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Blog  »  January 2015
27
Jan 15

Posted by
Laura Murphy

Avoiding the Top HR Mistakes Small Businesses Make

For time pushed managers of small businesses, HR and people matters often come far down the never ending “To Do” lists. However, employers ignore HR matters at their peril; avoiding such matters can often have painful, costly consequences that can set businesses back.

The following are some of the most common HR blunders that small businesses are making.

Failure to recruit properly
o Don’t fall into the trap of hiring somebody just because you know them or because you feel sorry for them. Only hire people who have the skills, experience and qualifications for the job. Also, always carry-out reference checks on new employees.

Not having Employment Contracts and Policies in Place
o Legally, every employee regardless of whether they are full-time, part-time, or temporary should have a written statement of their terms and conditions of employment. Having well drafted policies clearly sets out a company’s stance on certain matters, enabling managers to smoothly deal with issues should they occur.

Incomplete or Inaccurate Documentation
o Regulations are in place that specify certain information that employers must hold on employees, failure to comply with such regulations could result in costly fines. Additionally keeping accurate records will help employers manage different situations as they arise, e.g. records of an employee’s performance/ disciplinary background will be crucial if escalated action, such as dismissal, is required.

Not understanding basic employment law
o Employers should never assume that employment laws don’t apply to them! Unfortunately for businesses employment law is ever changing. It is the duty of employers to keep on top of legislation and make sure their business is operating as it should be.

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Bright Contracts - Employment Contracts and Handbooks

Posted in Company handbook, Employment Contract

9
Jan 15

Posted by
Laura Murphy

Force Majeure Frequently Asked Questions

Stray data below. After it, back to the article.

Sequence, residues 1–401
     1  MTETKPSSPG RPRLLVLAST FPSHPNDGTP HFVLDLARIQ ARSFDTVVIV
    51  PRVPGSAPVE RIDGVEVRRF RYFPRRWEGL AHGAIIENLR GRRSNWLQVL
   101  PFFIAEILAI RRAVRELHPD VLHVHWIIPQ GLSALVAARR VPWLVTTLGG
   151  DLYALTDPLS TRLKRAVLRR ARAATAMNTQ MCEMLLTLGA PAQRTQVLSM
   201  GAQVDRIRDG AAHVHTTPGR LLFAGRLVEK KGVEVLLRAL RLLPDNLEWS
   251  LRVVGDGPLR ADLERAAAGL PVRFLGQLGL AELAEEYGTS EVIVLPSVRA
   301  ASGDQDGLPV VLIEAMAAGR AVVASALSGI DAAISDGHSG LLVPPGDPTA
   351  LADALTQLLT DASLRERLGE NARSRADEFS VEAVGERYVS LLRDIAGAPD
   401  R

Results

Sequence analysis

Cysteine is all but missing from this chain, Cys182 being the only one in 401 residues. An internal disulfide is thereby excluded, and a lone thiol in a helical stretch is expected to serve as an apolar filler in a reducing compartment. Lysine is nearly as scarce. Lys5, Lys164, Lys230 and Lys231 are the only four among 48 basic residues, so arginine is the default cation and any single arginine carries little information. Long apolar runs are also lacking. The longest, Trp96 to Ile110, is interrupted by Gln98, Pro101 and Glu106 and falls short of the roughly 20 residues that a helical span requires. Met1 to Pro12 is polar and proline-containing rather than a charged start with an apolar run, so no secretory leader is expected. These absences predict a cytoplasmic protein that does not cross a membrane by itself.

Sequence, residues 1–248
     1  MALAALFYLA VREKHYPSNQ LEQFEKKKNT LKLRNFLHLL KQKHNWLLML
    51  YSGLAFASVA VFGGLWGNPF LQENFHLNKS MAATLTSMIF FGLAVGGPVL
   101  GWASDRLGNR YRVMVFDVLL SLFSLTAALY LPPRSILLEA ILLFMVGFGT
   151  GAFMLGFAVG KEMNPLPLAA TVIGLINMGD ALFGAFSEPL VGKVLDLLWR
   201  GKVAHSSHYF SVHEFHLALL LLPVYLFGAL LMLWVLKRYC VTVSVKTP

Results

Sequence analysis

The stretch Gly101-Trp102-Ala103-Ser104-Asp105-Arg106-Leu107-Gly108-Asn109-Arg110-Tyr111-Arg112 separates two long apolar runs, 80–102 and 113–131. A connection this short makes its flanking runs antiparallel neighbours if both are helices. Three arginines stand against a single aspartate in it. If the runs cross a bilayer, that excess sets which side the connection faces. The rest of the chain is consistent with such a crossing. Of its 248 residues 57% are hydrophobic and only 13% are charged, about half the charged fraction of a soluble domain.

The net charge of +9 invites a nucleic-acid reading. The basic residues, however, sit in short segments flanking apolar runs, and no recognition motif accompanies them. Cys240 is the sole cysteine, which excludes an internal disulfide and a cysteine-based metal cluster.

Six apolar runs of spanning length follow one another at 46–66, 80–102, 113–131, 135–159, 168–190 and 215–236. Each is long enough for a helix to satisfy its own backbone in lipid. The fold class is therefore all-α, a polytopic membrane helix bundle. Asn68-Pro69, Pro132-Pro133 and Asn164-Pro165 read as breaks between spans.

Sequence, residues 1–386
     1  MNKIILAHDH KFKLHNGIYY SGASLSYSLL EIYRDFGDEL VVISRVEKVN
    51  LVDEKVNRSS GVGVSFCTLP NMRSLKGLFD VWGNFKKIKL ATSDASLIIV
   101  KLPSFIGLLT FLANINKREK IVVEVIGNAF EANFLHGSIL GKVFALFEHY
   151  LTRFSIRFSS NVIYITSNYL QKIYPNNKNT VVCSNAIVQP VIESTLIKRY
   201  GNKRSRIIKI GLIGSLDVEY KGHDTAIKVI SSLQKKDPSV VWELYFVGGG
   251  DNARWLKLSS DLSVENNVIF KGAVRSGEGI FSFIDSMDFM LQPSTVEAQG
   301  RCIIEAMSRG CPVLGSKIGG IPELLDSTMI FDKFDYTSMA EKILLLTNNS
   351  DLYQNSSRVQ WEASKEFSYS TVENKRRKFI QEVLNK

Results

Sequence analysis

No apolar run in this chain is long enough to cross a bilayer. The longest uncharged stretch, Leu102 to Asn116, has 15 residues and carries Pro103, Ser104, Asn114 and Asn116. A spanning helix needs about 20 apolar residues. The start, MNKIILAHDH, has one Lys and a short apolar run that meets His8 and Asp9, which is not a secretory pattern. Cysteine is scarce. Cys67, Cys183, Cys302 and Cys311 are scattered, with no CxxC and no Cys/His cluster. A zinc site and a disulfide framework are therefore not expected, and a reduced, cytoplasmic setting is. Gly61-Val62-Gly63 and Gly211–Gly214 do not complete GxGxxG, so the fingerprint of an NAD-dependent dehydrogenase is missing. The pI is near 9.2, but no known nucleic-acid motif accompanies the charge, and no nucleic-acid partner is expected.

Force Majeure leave is a statutory leave which allows employees paid time off work in times of a family crisis.

Below are answers to some force majeure FAQs to help employers understand how to manage any such requests.

What is considered a family crisis?

The entitlement to force majeure leave applies where the employee’s immediate presence is indispensable due to the illness or injury of a close family member. This is a particularly strict interpretation and generally relates to a medical emergency. Whilst not impossible, it is rare that an employee would be entitled to consecutive days of force majeure leave as generally the immediacy and emergency would have ended on day one.

Force majeure leave does not give any entitlement to leave following the death of a close family member, this should be dealt with under an employer’s compassionate leave policy.

Who is defined as a close family member?

• A child or adopted child of the employee
• The husband/wife/partner of the employee
• A parent or grandparent of the employee
• A brother or sister or the employee
• A person to whom the employee has a duty of care
• A person in a relationship of domestic dependency

How much time is the employee entitled to?

Employees are entitled to 3 days in a rolling 12 month period and 5 days in a rolling 36 month period.

Does the employee need to have built up service to be entitled to Force Majeure?

There is no service requirement in order to be eligible for force majeure leave, all employees are entitled to apply for the leave.

How should the Employer be Notified?

By its very nature notice cannot be given of force majeure. Whilst employees should inform their employer of their absence as soon as possible e.g. by phone call, upon returning to work they should complete a Force Majeure Leave form specifying the detailed information. A sample force majeure leave form can be found here. http://www.brightcontracts.ie/docs/sample-documents/force-majeure-leave-request-form/

Are employers entitled to request evidence of the emergency?

Yes, employers may request that the employee provide evidence of the emergency where possible. Employers should also be aware that any records in relation to force majeure should be kept on the employee file for up to eight years.

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Posted in Company handbook